What to Study for Final Exam
The Final Exam covers the entire course, which includes all of the book by Kalat, all of the book by Huff (How to Lie with Statistics), all videos shown in class, all material in the handouts, and all homeworks and quizzes. The Final exam is worth about 65-70 points, and the midterm about 45-50 points, so the Final has more points than the midterm.
Final-Only grading: Keep in mind that those who get 90% correct will get an A+ on the final no matter what they scored on the midterm. Similarly, by achieving absolute standards on the final, one can be graded by "Final Only" grading. See the syllabus for more detail and explanation. This policy requires that the final exam cover the entire course.
Most people, however, will be graded based on the total number of exam points (sum of the midterm and final), plus any extra credit. Extra credit is worth up to 3 points total and is based on quizzes, homeworks, and other in-class assignments. See syllabus for more detail.
The majority of test items on the final come from the last half of the course. The topics emphasized in the last half of the course include Statistics, regression and prediction, intelligence testing, heredity and environment, biological/physiological psychology, sensation, perception, and social psychology. Topics covered in more than one way (lectures, videos, books, homework, quizzes) will have the greatest number of test items, whereas items covered only in the book, for example, will have fewer items. In-class quizzes and homeworks give you a good idea of what kinds of questions you will be asked.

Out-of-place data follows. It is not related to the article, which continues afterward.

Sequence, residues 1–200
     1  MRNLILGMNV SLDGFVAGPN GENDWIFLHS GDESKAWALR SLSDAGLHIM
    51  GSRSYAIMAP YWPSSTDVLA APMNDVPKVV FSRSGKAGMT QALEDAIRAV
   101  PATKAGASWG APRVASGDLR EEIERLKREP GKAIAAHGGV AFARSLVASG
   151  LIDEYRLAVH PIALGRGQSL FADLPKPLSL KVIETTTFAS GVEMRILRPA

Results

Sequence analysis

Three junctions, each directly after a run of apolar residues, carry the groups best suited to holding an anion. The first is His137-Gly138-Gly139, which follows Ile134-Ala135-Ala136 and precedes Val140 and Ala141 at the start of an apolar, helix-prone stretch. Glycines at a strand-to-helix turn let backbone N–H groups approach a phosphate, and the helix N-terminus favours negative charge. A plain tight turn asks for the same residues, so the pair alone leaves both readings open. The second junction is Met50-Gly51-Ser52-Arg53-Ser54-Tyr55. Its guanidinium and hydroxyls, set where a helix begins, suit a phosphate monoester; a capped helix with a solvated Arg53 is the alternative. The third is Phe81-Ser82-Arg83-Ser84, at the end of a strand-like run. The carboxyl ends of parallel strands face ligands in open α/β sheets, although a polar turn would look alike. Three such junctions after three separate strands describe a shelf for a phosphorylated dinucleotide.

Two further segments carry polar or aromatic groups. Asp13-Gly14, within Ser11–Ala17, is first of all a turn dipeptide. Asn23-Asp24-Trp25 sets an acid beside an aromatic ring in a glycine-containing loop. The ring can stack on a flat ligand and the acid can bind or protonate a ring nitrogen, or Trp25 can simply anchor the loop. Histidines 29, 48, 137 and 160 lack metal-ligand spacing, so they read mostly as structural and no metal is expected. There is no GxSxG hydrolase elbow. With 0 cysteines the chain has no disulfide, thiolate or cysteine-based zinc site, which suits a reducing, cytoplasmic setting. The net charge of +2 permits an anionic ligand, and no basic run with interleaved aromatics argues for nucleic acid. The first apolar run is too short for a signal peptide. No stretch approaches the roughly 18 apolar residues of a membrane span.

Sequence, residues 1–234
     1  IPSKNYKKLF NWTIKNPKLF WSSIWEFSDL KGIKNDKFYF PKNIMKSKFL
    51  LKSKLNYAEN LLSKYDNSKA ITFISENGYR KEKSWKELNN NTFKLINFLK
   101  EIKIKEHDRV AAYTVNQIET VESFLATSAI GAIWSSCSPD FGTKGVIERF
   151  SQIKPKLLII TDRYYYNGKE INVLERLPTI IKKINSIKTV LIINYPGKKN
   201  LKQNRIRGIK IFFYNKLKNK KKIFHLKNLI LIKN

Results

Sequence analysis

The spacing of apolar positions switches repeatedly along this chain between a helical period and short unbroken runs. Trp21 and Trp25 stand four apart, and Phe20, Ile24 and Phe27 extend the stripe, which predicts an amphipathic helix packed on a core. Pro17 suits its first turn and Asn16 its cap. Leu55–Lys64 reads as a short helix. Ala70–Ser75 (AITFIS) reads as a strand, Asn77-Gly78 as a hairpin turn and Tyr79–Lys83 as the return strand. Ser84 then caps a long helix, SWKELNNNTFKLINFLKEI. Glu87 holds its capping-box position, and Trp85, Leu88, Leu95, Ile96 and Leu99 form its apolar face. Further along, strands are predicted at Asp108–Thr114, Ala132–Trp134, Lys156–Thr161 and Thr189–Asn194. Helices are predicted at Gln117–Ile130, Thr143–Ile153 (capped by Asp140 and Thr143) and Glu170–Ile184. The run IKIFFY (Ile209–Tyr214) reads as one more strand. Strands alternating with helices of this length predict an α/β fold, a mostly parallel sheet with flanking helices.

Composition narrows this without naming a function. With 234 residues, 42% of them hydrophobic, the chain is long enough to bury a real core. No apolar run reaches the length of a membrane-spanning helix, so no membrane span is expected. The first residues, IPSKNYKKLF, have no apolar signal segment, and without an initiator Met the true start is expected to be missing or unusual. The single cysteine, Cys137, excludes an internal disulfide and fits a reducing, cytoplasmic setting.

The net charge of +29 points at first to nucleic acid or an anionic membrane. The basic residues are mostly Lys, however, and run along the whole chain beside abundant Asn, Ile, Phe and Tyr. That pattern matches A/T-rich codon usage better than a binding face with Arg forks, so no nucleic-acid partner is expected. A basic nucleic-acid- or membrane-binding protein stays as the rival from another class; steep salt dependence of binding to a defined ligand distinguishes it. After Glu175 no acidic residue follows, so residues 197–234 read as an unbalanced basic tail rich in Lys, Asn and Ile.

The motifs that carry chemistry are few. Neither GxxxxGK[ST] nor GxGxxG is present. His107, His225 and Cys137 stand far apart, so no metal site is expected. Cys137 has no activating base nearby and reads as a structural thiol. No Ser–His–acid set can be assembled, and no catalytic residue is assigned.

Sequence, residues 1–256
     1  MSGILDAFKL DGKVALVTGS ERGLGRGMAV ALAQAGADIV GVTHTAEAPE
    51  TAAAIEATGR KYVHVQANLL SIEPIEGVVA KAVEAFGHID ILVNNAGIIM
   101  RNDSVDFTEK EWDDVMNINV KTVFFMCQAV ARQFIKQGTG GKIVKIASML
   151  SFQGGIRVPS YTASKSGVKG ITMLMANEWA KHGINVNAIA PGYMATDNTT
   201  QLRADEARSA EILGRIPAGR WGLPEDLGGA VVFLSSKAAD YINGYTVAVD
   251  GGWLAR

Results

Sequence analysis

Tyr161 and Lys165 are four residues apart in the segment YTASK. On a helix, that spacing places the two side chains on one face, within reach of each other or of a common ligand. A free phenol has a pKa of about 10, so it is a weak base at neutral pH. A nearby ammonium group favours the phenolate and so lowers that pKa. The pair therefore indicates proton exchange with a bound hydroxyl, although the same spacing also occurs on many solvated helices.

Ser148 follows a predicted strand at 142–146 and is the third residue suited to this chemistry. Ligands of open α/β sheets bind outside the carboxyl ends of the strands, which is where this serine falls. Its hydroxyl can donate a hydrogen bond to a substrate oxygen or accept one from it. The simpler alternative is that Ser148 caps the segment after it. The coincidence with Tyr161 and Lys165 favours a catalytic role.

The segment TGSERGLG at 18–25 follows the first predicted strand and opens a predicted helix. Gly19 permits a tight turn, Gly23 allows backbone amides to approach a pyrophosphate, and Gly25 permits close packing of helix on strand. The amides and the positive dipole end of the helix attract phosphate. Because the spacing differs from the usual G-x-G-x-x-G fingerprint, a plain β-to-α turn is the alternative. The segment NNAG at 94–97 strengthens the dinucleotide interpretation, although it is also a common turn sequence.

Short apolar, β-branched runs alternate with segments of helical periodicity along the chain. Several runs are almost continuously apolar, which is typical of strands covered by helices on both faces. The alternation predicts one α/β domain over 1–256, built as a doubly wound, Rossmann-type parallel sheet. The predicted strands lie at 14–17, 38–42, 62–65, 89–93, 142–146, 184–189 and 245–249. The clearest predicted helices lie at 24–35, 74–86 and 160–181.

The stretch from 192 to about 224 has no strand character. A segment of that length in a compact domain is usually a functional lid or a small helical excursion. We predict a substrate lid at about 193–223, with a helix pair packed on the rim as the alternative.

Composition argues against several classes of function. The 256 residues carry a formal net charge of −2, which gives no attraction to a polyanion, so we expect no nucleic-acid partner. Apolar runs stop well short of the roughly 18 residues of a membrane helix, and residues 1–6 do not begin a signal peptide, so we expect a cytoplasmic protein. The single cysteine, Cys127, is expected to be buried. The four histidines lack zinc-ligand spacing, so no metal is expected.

What to emphasize from the whole course: This course is intended to prepare you to be able to take the next three courses in the psychology department curriculum: "problem solving and critical thinking", "psychological statistics," and "research methods." Consequently, you should emphasize material in these three broad areas of psychology. (See syllabus or university catalog for descriptions of Psych 110, 201, and 202.)
Another List of Topics Covered (Emphasized) in Lecture:
- What is psychology? Science of behavior. Misinformation in the media = "media" psychology.
- What is an explanation? (Deductive, meaningful, predictive, causal, general)
- Philosophical terms (critical thinking): definition, logical, empirical. Operational definitions, a priori true and false; a posteriori true and false; empirical meaning; operationism's definition of meaning, etc.
- Two kinds of arguments (deduction, induction).
- Principles of logic (transitive implication, if A then B, etc.)
- Two kinds of empirical generalizations: correlation and causation.
- How to test correlations and causal assertions (surveys and experiments)
- Terminology of Research Methods (In Chapter 2* of Kalat and Handout: Independent Variable, Dependent variable, placebo, double blind, triple blind, etc.).
- Before-After studies and spontaneous remission: why we need a control group.
- Personality Theories (including Freud's psychoanalysis)
- Design a study to test effects of a new medicine.
- Design a study to test effects of a new type of psychotherapy.
- Cambridge-Somerville Youth Study on effects of psychotherapy, including the 30-year followup by Joan McCord. 600 boys randomly assigned to treatment and control groups; 5 years treatment; 3-year initial followup; 30-year follow up. Results and implications: "talk"-psychotherapies used were harmful, according to seven dependent variables (list them).
- Diagnostic Criteria for Abnormal Behavior (DSM). Reliability and Validity of diagnosis. False patients. Projective tests and their reliability.
- Statistical versus Clinical predictions of behavior. Statistical is more accurate.
- Skepical and open-minded.
- Barnum effect; cold-reading; ethical versus unethical magicians. ethical vs. unethical clinical psychologists.
- Classical conditioning